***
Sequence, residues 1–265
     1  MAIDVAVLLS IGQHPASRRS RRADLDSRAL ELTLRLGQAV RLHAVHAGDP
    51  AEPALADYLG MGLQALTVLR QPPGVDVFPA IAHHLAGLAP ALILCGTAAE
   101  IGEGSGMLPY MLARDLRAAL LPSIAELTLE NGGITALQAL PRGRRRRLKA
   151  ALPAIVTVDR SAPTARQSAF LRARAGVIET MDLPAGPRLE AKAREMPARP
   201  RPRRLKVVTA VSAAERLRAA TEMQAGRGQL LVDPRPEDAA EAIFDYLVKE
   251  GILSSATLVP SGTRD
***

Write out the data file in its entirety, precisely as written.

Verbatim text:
Sequence, residues 1–265
     1  MAIDVAVLLS IGQHPASRRS RRADLDSRAL ELTLRLGQAV RLHAVHAGDP
    51  AEPALADYLG MGLQALTVLR QPPGVDVFPA IAHHLAGLAP ALILCGTAAE
   101  IGEGSGMLPY MLARDLRAAL LPSIAELTLE NGGITALQAL PRGRRRRLKA
   151  ALPAIVTVDR SAPTARQSAF LRARAGVIET MDLPAGPRLE AKAREMPARP
   201  RPRRLKVVTA VSAAERLRAA TEMQAGRGQL LVDPRPEDAA EAIFDYLVKE
   251  GILSSATLVP SGTRD